Reloading your firearm costs Stamina to a greater or lesser extent depending on the gun and the reloading mechanism, which is split into two categories: Individual and Magazine. An Individual reloading mechanism allows a gunman to slide individual bullets into the chamber, while a Magazine method requires the gunman to insert the bullets into a magazine first before inserting the magazine into the gun. Magazines are sold separately from the gun, so if you buy a gun that reloads via magazine, remember to also buy a magazine for the gun as well.

An Individual reloading mechanism benefits from being able to be reloaded in combat, but their magazine capacity tends to be limited and reloading tends to cost more Stamina. On the other hand, a Magazine mechanism tends to be larger and is less taxing on the Stamina but forbids reloading magazines in the middle of combat, obligating a gunman to be judicious with their bullets in protracted gunfights.


Defense and Resistance

First, there is Dodge, otherwise known as "Armor Class" in other, more conventional Neverwinter Nights modules. Dodge is what a to-hit score tries to roll against and determines whether an attack will miss. Obviously, a high Dodge is beneficial to prevent being hit in the first place.

Second, there is Armor, which is also known in more conventional settings as Damage Reduction. However, unlike other servers whose abilities and spells grant a static amount of Damage Reduction, the amount of damage actually mitigated by Armor varies from round to round, so a hit can barely scratch you one moment and deal devastating damage the next. Increasing your Minimum Armor score increases the minimum amount of damage you can mitigate, easing the variability somewhat.

Next, there are resistances if Dodge and Armor fail. There are resistances against area-of-effect attacks, knockdown, wounding, and common elements (e.g. fire, acid). These come in handy when bracing against an opponent's shield slam or sneak attack, minimising the damage that could have been done. There are items and abilities that help improve these resistances and give you bonuses to overcome an enemy's resistances to these effects.


Companions & Pets

Your character may eventually come across hirelings looking for someone who needs their expertise, and all you need to do is to talk to them to hire their services. These companions scale to your general combat expertise and can provide valuable support in areas that would be overwhelming otherwise, making them ideal for times of low server populations or for parties missing a niche and looking for someone to fill it.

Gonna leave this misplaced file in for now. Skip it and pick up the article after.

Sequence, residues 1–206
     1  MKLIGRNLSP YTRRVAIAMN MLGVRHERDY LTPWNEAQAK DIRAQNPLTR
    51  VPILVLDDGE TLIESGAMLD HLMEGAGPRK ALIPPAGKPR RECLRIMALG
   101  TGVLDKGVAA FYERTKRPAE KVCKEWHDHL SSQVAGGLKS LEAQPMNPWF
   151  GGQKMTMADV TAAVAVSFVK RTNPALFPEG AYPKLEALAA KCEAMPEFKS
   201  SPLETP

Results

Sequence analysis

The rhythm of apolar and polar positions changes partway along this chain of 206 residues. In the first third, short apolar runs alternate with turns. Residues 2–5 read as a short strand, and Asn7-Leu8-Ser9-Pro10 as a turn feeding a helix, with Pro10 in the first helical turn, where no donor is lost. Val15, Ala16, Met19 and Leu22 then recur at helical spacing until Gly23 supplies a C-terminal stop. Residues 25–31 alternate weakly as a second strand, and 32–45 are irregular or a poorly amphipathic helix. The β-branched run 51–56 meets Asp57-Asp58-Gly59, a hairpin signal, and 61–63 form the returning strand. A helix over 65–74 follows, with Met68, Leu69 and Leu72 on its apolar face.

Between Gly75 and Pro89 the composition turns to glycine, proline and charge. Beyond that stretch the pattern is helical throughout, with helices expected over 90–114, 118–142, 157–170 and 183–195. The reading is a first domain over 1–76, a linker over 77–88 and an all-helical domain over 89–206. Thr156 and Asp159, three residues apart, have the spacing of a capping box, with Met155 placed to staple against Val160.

These companions can be ordered to stand still, guard you, or engage the nearest enemy in sight, among other commands. You will need to right-click on their portrait and access the commands from "Issue Command", or use emote hotkeys to order them thusly. If they are downed in battle, they will revive once combat is over.

You do not necessarily need to pay these NPC-controlled companions up-front, but during expeditions they may take a share of their loot from treasure you find. Still, it is a price worth paying when it leads to a successful expedition.

Pets operate in a similar manner. They gain experience and levels from attacking enemies and being struck, and while they do not demand payment for their services, nor unduly affect dungeon scaling, they need time and effort to become worthwhile companions in their own right, and can seem weak in comparison to a proper hireling.


Stealth

To enter Stealth mode, press the "Stealth" icon in your quickbar, and your character will enter Stealth mode. How well your character can remain unseen and unheard depends on a number of factors ranging from any stealth and noise penalty modifiers on your equipment, to the lighting of the area you are in, and the capability of others around you to detect your presence at that moment.

Sneak Attacks in Engines of Ascension operates a little differently from other servers. Sneak Attacks, for the most part, can only be inflicted when the opponent has not seen or heard your presence, though there are other ways for a dedicated ambusher to inflict extra damage even when actively engaging their enemy.

Sneak Attack damage is not dealt all at once; rather, it is inflicted as wounding damage, which deals damage over time. Abilities and weapon modifications can change how much and how quickly this damage is dealt.



Strategies

- Bring a friend. Be careful, though; more friends bring more attention.

- Look for bestiaries when fighting monsters.

- Flanking your enemy (hitting them at the sides or rear) will give you a +2 attack bonus to hit them, which makes it useful for attacking enemies that are difficult to hit. However, the same also applies to you, and in a heated firefight it would be wise to watch your flanks if you rely on Dodge to stay alive.

- Employ grenades, bombs, and other gadgets. They can potentially turn the tide of a battle.

- While fighting, keep an eye on your Hit Points and Metabolism. Obviously if your Hit Points reach zero you are no longer capable of fighting, but if your Metabolism becomes too high from drinking too many potions, then it will incapacitate your character for a round or two until your Metabolism reduces to safe levels. If your Metabolism exceeds its limit when under the effects of poison, you will die.

- Reloading your firearm costs Stamina. Sometimes, you may not have enough Stamina to reload a full clip. In this case, splitting your bullets into partial clip sizes allows you to reload a partial clip, conserving Stamina.

- While hidden, you are less likely to be spotted when the spotters are distracted.